Do you want to reduce the amount of salt that you use in cooking? Or perhaps you've simply forgotten to stock up and need an alternative? Salt is though of as an essential in the kitchen - it is in fact a natural flavour enhancer and eliminating it completely is not advised. But here's a handy guide to choosing table salt alternatives.
Is salt bad for you?
The answer is no. The question to ask yourself is: is too much salt bad for you? And in this case the answer changes. Yes, too much salt is bad for human health. For this reason it must be used wisely and intelligently, considering that many foods are already naturally flavoursome. An alternative is salt substitutes, which are often healthier.
How much salt should you use?
The World Health Organisation recommends the use of no more than 5 grams of salt per day, which corresponds to 2 grams of sodium. In simple terms, you shouldn't intake more than a teaspoon.
Salt substitutes: aromatic herbs
Aromatic herbs are a very valid substitute for salt from a gustatory point of view.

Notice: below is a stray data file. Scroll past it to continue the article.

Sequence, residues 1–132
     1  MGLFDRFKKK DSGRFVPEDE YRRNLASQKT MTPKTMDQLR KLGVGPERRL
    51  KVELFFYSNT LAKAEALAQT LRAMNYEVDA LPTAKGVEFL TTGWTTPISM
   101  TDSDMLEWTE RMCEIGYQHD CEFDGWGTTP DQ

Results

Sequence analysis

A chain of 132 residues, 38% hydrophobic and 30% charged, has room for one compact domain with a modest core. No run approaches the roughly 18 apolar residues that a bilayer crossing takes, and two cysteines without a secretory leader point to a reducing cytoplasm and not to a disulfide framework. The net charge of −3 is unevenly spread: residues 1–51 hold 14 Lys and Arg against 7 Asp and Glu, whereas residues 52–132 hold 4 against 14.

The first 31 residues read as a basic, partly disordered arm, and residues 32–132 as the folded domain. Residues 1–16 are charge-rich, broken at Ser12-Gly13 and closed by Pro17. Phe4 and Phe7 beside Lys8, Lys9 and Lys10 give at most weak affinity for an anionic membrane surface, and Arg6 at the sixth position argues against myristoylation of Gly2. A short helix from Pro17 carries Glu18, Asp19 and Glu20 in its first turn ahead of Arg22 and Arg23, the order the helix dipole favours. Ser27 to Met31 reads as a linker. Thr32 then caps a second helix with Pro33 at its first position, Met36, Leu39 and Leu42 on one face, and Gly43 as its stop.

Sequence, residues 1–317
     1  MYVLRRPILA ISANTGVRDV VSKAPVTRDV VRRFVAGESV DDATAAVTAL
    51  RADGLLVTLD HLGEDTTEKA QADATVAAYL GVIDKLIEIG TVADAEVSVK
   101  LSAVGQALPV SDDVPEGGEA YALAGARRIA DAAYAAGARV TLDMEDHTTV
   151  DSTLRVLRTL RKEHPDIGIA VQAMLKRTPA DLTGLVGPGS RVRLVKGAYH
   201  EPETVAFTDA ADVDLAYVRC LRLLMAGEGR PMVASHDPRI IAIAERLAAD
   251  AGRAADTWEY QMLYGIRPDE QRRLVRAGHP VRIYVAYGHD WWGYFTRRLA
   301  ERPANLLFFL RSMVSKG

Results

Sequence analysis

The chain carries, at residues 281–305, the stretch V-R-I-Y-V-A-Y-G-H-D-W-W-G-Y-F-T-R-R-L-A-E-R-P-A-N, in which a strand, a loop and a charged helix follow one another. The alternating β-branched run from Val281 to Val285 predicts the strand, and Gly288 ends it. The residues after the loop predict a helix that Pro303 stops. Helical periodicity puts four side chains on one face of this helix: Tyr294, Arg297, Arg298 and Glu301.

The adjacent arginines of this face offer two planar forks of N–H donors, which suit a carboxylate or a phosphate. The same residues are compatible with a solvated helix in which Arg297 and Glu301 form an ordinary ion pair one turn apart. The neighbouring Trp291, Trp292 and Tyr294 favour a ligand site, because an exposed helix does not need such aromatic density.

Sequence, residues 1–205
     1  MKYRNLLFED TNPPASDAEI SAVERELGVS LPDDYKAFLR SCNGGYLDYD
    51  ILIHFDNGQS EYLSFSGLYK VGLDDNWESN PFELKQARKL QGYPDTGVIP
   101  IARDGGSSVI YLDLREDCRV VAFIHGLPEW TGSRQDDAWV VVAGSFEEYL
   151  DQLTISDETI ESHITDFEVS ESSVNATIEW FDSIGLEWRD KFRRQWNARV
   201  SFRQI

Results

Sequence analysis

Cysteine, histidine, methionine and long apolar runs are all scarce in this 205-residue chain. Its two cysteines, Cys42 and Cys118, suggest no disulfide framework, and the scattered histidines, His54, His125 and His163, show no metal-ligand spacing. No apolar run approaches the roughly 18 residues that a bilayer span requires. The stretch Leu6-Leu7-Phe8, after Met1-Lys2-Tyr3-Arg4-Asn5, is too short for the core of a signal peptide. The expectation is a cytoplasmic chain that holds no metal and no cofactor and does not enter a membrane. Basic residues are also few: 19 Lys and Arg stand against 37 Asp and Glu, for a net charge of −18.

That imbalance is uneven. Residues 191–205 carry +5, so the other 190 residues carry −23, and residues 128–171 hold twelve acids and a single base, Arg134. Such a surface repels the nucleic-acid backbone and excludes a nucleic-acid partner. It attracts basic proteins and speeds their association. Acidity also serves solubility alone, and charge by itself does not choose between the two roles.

Which ones to choose? Sage offers a very pleasant and intense taste, as does thyme. But other herbs that best replace salt are:
- Dill: sweet aroma and pungent taste
- Rosemary: spicy and refreshing
- Coriander: citrus and spicy flavour
Salt substitutes: spices
In the vast world of spices, we find many substitutes for salt. Starting with smoked paprika which has a pungent and intense flavour. Cinnamon and curry are also excellent, the latter is a mix of spices and not a single spice as many believe.
Salt substitutes: pepper and chilli
Giving dishes a spicy taste is certainly a valid way to reduce or replace salt. Black pepper, with its pungent flavour, pink pepper berries, with their citrus scent, and lastly, chilli pepper, will give your dishes the right kick without having to add too much salt.
Other salt substitutes
Among the other salt substitutes we find gomasio, a mix of toasted white sesame and spices perfect for flavouring vegetables and salads. Nutritional yeast is also excellent, which thanks to its umami flavour recalls that of aged cheese. You can also find flavour in vinegar, and in the sweet and sour notes of the balsamic vinegar, but be careful not to overdo these ingredients.
Other alternatives to salt come from the garden and include dried tomatoes, with an umami, sour and pungent taste; capers that have a strong flavour that can give a boost to raw and cooked dishes; anchovies, which come from the sea with its saltiness, are also excellent when used with vegetables and meat. Finally, two other alternatives to salt are soy sauce, which however contains a lot of sodium, and coconut aminos, a substance obtained from coconut which has a savoury and very decisive flavour.
Find out how to replace salt with the infographic below.